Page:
Sure. I think if you adjust for Varian, you'd have to look back probably closer to Q4 '09 to see this kind of quarter. And I would say what you're seeing is hyper-seasonality this quarter where you've got not only kind of the typical pattern that we've been talking about. But you can see, if you look from the peak to the bottom, you've gone almost 11 -- we had about 33% of our SSG quarter was in our Q2. 14% of our full year will be in our Q4. So you've got a major delta between the high and the low. And I think that's really seasonality. In fact in the first half of the year, I mean there's a lot of observation about how we were outpacing the rest of the industry. So you're really seeing more timing and seasonality. And for this kind of move, share is not a factor.

Krish Sankar - BofA Merrill Lynch, Research Division

All right. And then a follow-up. When I look at the big picture of you, last year NAND CapEx actually exceeded DRAM spending, but the NAND market size is still smaller than DRAM. So I was just wondering that from your view, when do you think the NAND as a market will get bigger than DRAM?

Michael R. Splinter

I think that's really totally dependent on solid-state drives. And this has been something that we've been expecting to take off for some period of time, it hasn't taken off. I think our next hope is that solid-state drives will take off in ultrabooks. We've been quite disappointed that tablets and smartphones haven't accelerated the use of flash capacity. It's been -- really DRAM per box has been very, very modestly increasing. Right now, our estimates are that the NAND business is $26 billion, $27 billion. DRAM is $28 billion to $30 billion. So they're pretty close right now. So if one of them had a surge, it would pass -- of growth, it would pass the other. So it could happen even next year.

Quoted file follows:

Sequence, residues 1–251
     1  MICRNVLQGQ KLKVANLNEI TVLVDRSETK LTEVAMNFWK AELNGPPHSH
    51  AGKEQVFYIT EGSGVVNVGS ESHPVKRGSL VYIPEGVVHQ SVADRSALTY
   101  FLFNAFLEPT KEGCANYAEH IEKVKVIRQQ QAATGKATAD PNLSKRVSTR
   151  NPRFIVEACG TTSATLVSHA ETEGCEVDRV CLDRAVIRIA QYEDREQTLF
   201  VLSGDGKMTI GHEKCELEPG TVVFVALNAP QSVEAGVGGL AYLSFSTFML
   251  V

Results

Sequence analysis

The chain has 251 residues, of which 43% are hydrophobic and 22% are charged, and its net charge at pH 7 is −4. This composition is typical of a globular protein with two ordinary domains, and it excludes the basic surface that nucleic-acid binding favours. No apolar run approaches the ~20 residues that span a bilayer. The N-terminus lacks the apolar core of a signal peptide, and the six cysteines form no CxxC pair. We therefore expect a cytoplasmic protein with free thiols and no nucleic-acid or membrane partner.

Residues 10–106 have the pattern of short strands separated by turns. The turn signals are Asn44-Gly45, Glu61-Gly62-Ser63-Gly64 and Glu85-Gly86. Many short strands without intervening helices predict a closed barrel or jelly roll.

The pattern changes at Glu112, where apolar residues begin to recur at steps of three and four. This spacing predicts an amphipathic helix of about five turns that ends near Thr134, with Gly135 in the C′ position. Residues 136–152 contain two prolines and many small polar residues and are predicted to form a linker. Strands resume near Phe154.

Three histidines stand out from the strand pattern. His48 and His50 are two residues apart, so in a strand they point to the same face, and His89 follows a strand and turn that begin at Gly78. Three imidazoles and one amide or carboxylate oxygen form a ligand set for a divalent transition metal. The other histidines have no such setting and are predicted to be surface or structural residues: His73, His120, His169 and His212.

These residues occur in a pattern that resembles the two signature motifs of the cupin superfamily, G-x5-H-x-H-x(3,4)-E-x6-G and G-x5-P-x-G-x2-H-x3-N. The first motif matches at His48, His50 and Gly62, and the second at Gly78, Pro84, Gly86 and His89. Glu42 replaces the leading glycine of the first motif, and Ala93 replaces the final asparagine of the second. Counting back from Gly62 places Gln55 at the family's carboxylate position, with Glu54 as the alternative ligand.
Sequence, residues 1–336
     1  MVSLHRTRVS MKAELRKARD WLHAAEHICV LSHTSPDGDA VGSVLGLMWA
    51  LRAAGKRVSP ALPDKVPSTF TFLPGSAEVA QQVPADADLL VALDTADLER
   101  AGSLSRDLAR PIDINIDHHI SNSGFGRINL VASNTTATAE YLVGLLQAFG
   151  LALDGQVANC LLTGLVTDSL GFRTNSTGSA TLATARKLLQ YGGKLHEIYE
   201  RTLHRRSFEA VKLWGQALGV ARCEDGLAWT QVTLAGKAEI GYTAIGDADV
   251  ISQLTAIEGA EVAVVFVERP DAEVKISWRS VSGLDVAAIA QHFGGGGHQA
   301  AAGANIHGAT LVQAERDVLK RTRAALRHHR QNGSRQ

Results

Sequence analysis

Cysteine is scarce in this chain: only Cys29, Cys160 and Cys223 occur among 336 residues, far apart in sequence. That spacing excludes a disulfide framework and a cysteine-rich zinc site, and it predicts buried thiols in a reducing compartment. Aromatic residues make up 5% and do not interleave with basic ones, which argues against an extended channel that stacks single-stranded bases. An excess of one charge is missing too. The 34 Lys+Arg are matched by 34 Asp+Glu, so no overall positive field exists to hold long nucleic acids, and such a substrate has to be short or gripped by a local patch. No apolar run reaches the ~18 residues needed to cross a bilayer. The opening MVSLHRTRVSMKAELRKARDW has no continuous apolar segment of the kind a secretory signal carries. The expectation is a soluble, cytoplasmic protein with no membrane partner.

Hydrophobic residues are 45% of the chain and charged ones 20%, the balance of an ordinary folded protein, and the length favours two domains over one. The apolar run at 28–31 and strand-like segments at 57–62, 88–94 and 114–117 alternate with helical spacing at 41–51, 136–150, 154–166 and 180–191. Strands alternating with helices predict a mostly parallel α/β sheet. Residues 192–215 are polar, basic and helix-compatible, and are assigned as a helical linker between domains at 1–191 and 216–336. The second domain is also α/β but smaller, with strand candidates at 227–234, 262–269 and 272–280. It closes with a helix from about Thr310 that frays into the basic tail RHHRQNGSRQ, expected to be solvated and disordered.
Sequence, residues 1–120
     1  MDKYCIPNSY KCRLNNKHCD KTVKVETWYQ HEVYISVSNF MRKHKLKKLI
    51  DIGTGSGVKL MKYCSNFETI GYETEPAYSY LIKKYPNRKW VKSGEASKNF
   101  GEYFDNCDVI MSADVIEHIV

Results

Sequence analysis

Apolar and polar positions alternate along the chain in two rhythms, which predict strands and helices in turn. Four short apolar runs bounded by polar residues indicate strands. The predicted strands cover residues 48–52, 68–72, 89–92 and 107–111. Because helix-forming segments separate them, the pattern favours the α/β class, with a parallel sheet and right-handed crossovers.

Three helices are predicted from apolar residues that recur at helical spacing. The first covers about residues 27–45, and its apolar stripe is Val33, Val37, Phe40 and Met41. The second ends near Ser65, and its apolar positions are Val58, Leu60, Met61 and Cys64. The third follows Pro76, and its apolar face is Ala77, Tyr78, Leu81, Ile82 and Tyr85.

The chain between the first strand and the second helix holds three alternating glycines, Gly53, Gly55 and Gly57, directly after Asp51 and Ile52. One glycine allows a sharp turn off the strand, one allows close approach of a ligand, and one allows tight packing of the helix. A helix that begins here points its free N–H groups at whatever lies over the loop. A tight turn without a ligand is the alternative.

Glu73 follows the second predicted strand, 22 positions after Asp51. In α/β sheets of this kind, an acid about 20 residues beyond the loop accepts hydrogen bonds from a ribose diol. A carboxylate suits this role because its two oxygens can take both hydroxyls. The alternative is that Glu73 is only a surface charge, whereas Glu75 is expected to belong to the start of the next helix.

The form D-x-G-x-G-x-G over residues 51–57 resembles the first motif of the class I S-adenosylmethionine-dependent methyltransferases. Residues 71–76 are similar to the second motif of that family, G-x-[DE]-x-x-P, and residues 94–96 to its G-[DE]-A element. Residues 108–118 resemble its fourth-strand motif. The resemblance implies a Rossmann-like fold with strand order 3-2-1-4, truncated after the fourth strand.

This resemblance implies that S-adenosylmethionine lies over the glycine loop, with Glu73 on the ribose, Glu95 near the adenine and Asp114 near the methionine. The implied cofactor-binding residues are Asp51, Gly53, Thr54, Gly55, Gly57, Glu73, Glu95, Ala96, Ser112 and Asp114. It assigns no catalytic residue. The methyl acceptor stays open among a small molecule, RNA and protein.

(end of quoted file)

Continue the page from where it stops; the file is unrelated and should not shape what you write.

Operator

Next we have a question from Patrick Ho with Stifel, Nicholas.

Patrick J. Ho - Stifel, Nicolaus & Co., Inc., Research Division

Mike, I think obviously with the marketplace and the uncertainty there, 28 demand -- 28-nanometer demand continues to be strong. With some of the foundry pushouts that you've seen, what's the issue that's probably driving it? Is it more just the digestion period timing of that? Is it yield? Or is it some concerns on the macro front even though the demand for those products appear to be strong?

Michael R. Splinter

I believe that it's primarily digestion and where they have to meet their peak demand, they have to have product and they have to have these products in production to meet their peak demand over these next 3 months to be prepared for holiday selling season. So I believe that's primarily it. There are some facility issues we know that have pushed out some of the equipment demand. I think the only thing that would slow down a recovery or a bounce back where they're putting on capacity, again getting ready for next year is a macroeconomic slowdown that's more pronounced than what we have today. We have to remember if we look back to the first part of -- first half of 2012, foundries were short of capacity. It has spurred a lot of talk about customer owned capacity and the like. I don't think that the foundries want to get into that situation again, if they can avoid it. So we're confident that we're going to see a step-up of buying near the end of the year and into next year.